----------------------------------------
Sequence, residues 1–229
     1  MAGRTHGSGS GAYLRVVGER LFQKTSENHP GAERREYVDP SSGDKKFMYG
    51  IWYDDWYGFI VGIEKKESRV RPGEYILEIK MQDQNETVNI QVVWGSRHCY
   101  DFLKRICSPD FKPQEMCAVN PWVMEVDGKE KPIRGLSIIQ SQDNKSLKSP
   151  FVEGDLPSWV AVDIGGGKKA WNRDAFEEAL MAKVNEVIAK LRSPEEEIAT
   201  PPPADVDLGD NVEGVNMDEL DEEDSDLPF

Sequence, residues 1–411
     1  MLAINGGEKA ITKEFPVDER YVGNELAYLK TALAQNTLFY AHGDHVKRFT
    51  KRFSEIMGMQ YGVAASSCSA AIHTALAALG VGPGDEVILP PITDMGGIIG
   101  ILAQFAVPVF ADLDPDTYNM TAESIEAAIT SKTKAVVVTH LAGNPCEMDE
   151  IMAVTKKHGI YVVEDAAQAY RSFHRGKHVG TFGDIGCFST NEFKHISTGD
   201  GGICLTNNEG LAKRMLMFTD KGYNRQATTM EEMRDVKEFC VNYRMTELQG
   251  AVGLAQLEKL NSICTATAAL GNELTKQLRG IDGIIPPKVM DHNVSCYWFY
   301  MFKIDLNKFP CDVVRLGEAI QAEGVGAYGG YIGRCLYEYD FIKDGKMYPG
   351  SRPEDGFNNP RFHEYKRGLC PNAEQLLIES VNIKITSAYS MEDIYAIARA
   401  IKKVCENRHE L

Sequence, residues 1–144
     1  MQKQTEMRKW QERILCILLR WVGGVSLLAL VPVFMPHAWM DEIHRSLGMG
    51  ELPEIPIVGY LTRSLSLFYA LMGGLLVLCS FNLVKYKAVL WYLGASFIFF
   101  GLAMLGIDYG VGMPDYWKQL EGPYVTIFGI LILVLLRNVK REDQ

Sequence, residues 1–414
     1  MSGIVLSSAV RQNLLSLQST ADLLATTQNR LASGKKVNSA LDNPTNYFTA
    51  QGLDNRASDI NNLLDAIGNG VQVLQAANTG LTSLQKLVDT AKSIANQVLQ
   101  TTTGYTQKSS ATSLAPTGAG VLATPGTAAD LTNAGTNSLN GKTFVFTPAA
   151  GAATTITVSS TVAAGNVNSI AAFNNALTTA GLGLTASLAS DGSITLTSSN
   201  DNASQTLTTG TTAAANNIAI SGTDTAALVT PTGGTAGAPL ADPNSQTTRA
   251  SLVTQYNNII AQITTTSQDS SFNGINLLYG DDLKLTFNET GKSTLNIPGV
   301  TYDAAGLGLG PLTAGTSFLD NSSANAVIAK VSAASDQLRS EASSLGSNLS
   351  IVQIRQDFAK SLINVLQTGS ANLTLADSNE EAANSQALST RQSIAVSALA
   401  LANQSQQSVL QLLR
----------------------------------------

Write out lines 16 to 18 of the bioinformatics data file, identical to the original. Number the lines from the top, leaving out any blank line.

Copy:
   401  IKKVCENRHE L

Sequence, residues 1–144
     1  MQKQTEMRKW QERILCILLR WVGGVSLLAL VPVFMPHAWM DEIHRSLGMG